Apheresis Blood Collection (ABC)

Apheresis blood collection, or ABC, is a special kind of blood donation. Instead of giving one pint of whole blood (as in a regular donation), an ABC donor gives only the components of blood needed for patients that day. ABC is made possible by an amazing machine that separates the components of your blood, retains certain components, and returns the rest to you—all with a single needle. It's a very efficient way of directly helping patients in hospitals. By collecting the optimal number of blood components at each donation, we can help ensure that these lifesaving products are available for the community.

Donor health and medical history requirements for ABC are the same as for a whole blood donation, with a few additional requirements. Each donation is based on gender, height, weight and hemoglobin (the number of red blood cells) count on the day of donation. These requirements are in place to ensure donor safety. One of our staff will use the blood collection machine and their expertise to determine what type of donation you can safely give that day. You may be recruited for an ABC donation on your first visit with us.

Donating Platelets

During a platelet donation, we will collect one, two, or three units of platelets. One of our medical technicians will recommend the number of units based on your weight, hemoglobin level, and platelet count that day. Platelet donations are accepted at all three of our donor centers.

You may donate platelets every 72 hours (3 days). However, there is a limit of 24 platelet donations per person per year. If it has been less than seven days since your last donation, a preliminary platelet count must be performed, which can only be done at our Palo Alto Center. Many of our dedicated platelet donors choose to give every two weeks of the year. Click here to schedule a donation at one of our centers. Please remember to increase intake of fluids, calcium, and iron at least two days before your appointment. This will help prevent donation reactions.

Special note: Due to a change in the Food & Drug Administration's (FDA) recommendations, we're changing the amount of time that must pass between taking aspirin and donating platelets. Beginning May 1, 2008, donors must be aspirin-free for 48 hours to donate platelets.

Why, you ask? Because aspirin reduces the potency and performance of your platelets. The more time between taking aspirin and donating blood, the better for the recipient. We're making this change because it will make transfusions more effective for patients in our community hospitals.

Donating Red Blood Cells

During a red blood cell donation, we will collect two units of red blood cells and return the other components to the donor. We refer to this as a double red blood cell donation, or "DRBC" for short. Gender, height, and weight are crucial in determining whether a person can give this type of donation. In general, women must be at least 5' 5" tall and weigh at least 150 pounds, and men must be at least 5' 1" tall and weigh at least 130 pounds. DRBC donors must also have a hemoglobin level of at least 13.3 g/dL.

Why are the requirements different for women and men? Because women and men have different total blood volumes (TBV)—even if they weigh the same amount. The standard of care dictates that no more than 15% of a person's TBV should be drawn at a time. Our apheresis machines determine TBV based on gender, height, weight and hemoglobin.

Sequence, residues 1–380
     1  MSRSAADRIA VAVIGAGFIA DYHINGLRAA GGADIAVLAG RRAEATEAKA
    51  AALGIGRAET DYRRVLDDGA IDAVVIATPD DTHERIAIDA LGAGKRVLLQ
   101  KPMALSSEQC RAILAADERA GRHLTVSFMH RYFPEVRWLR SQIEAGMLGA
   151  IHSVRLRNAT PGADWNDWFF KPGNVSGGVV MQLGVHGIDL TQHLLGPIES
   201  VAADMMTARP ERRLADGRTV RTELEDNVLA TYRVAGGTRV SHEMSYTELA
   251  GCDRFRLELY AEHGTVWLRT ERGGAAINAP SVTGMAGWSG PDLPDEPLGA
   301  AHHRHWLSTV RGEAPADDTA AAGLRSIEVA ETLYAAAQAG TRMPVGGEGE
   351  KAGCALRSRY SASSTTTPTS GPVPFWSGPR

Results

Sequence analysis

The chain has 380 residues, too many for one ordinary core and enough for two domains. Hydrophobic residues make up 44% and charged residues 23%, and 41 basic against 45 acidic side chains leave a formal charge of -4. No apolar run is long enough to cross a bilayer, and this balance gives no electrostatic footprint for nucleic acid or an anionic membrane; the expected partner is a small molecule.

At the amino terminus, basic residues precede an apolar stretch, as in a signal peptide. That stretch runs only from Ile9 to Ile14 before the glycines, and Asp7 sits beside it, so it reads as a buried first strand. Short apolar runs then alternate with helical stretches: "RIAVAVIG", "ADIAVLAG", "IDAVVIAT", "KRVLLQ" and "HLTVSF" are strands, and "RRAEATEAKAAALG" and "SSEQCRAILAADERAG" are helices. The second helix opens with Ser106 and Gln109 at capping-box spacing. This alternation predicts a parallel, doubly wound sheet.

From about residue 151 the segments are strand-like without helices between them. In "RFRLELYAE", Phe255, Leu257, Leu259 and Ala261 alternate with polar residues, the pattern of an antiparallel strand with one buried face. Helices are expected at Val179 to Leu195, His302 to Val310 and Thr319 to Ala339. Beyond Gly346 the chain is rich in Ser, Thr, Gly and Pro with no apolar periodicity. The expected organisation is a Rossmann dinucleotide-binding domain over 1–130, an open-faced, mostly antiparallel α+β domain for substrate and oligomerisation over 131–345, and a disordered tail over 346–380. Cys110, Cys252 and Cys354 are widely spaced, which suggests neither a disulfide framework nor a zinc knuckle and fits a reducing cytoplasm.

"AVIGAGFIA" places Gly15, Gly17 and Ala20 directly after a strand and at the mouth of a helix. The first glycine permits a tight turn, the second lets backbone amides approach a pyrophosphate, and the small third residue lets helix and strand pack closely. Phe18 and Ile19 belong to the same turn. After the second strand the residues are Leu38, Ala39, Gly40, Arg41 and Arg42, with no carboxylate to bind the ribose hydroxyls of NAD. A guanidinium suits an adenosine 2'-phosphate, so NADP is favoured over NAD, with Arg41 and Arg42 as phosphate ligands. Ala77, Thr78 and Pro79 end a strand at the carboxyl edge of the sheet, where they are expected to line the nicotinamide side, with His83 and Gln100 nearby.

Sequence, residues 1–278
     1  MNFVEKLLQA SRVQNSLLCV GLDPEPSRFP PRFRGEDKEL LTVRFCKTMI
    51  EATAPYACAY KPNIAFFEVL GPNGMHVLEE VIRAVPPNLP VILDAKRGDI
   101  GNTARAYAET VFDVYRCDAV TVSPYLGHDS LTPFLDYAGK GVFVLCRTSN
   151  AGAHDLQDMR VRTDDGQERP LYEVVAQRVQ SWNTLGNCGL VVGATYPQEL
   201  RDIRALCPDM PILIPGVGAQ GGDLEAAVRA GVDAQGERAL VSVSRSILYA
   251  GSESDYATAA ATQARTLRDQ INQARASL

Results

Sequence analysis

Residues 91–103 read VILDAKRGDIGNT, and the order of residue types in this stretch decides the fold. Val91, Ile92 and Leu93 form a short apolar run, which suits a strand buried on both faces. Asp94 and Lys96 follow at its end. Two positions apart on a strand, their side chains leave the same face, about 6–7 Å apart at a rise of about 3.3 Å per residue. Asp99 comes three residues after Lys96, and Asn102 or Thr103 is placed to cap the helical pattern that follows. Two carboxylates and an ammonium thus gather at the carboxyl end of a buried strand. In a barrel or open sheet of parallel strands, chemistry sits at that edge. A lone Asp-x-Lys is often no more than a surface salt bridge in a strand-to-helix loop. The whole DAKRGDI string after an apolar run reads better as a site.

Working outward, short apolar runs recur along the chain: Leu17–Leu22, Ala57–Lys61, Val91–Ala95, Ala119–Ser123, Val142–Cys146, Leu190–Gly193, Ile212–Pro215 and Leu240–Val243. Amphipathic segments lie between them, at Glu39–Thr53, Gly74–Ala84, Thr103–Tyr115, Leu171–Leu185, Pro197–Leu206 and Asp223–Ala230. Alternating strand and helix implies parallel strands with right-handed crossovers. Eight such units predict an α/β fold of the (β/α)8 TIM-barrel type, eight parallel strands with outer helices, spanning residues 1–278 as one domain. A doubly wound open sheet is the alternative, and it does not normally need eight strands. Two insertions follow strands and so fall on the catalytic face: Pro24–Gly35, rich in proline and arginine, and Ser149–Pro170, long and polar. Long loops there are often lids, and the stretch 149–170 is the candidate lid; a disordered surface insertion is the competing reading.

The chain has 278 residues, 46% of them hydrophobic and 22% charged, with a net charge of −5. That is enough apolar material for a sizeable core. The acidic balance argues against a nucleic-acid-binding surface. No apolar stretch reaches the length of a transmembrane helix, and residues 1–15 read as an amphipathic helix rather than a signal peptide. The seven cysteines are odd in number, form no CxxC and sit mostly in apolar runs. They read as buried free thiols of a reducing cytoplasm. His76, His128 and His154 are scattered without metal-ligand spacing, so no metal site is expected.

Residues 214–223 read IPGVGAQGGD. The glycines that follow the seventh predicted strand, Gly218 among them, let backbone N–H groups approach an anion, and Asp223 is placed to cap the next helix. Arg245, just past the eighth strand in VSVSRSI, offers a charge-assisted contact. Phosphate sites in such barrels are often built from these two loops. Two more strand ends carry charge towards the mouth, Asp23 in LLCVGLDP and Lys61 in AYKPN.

DRBC donations are only accepted on mobile blood drives and at our Palo Alto donor center.

Donors may only make a DRBC donation every 16 weeks. Click here to schedule a donation at one of our centers.

Donating other combinations of blood components

Based on your size, hemoglobin level, platelet count, and the current needs of our community, our medical technicians may determine that a different combination of blood components would be most efficient for a donation. The most common types are listed above, but other ABC options are one, two or three platelets; one, two or three plasmas; or any combination dependent on total blood volume and platelet count.

Galen Poulton enjoys a book while donating platelets.

Galen Poulton enjoys a book while donating platelets. Photo by Erin Kunkel

Components of blood

Red blood cells transport oxygen and nutrients to the tissues and remove carbon dioxide and waste. Red blood cells are indicated for more than 70% of all transfusions. Accident victims, patients with ulcers and patients undergoing surgery use red blood cells.

Platelets act to induce clotting and control bleeding.

Plasma is 92% water, miscellaneous elements and 7% protein from which derivatives are made. Cryoprecipitate, antihemophilic factor and fresh frozen plasma can be given to patients who have hemophilia and other bleeding problems. Gamma Globulin is used to supplement the immune system in fighting disease such as hepatitis, and serum albumin is given to treat and prevent shock.

White blood cells protect the body against disease and infection. They move through the blood stream to attack and absorb bacteria and other "foreign" bodies. Since white blood cells are likely to cause a negative reaction in blood recipients, these cells are are removed from the blood donation and used for research.